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Moped Madness

Words:

Edd Norval

Photos:

Jon Enoch
May 17, 2019

The magical balancing act of moped riders in South East Asia is a source of real intrigue, so much so, it's a wonder that it's taken up until now to have a dedicated photography series. One has arrived though, and it's an expectedly intriguing look into this cultural intrigue.

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Jon Enoch arrived in Hanoi, Vietnam at a curious time. Zipping dangerously all around him were mopeds manned by a person (often more than one) and an assortment of interesting and humorous objects.


Mopeds are a major cultural enabler there, giving people a means to make a living or get to the place to do so. The news that the country were looking to ban the use of the bikes by 2030, to combat pollution, poses more questions than answers to the people there.


Being a photographer, Enoch took it upon himself to document this distinct means of transport, at least in the way its used compared to the rest of the world - something that would be unimaginable back home as a Brit.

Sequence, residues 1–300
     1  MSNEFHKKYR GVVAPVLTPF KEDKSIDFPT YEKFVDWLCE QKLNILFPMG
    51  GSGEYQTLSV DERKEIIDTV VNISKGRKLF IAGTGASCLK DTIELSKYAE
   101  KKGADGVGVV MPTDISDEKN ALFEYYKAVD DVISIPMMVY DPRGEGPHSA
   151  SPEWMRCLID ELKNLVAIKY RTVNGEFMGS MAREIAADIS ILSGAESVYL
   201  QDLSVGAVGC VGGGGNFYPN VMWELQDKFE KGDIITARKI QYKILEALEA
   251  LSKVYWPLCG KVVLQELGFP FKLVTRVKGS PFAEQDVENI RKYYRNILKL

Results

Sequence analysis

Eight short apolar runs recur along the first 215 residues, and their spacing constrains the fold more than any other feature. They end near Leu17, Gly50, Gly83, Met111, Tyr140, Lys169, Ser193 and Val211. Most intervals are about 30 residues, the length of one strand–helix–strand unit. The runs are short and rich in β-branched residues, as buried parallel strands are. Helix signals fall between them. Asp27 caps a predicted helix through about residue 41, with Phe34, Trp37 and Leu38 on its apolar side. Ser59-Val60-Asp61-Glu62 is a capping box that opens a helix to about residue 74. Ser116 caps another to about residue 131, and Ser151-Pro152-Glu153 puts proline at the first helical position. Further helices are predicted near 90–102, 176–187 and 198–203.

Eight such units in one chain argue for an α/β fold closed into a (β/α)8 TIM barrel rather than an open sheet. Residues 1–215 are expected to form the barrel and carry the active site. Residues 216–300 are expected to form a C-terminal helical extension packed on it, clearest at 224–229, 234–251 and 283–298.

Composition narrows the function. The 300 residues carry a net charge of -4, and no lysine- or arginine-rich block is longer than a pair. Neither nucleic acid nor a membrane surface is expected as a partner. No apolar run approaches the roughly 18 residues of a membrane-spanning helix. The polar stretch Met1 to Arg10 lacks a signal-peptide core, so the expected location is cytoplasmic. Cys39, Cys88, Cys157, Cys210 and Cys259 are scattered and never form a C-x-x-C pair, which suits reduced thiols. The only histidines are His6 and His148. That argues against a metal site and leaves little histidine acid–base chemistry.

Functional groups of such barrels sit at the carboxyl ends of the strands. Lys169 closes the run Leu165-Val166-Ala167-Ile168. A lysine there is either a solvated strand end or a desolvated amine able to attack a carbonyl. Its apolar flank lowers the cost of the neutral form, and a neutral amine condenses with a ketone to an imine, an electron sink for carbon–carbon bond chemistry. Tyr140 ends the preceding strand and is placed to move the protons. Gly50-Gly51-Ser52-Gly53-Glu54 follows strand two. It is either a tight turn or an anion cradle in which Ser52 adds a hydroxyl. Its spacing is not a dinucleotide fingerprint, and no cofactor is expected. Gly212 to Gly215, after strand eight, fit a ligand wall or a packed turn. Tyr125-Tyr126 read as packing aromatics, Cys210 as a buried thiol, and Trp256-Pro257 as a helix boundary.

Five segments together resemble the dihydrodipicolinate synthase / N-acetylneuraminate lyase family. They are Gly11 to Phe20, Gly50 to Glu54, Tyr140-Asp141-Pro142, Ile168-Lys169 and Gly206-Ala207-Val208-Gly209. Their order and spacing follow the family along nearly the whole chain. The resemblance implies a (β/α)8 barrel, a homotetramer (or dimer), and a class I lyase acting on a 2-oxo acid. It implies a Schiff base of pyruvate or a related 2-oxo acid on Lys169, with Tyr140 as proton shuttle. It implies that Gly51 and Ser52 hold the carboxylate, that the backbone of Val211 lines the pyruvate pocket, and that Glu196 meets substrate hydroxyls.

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Enoch's photography exhibition has the incredible ability of pulling the riders out of their haphazard context, allowing the audience to evaluate the phenomenon from an outsiders perspective - cranking the absurdity right up. Their place, which Enoch refers to as "way of life", in the country, has imbued the series with a photo-documentary style. Each image seems to have a backdrop and story attached.


Stark images of the most unusual cargo are set in neon drenched cityscapes, captured with a transportive honesty that gives his audience a nose full of the fumes. Besides the visual aspect, Enoch admires the technical side and the way the mopeds are loaded, a magical balancing act that can be a matter of life and death a worst, or of putting food on the table at best.


Although it was the news of the impending ban that proved to be the impetus for his decision to shoot the series now, the idea had been bubbling away for the best part of a decade. What Enoch has captured here is more than a unique cultural oddity, but an insightful, exciting and sadly dying part of life for so many people in a part of the world with a great deal of cultural nuances.


You can see more from Jon Enoch at his website here: www.jonenoch.com

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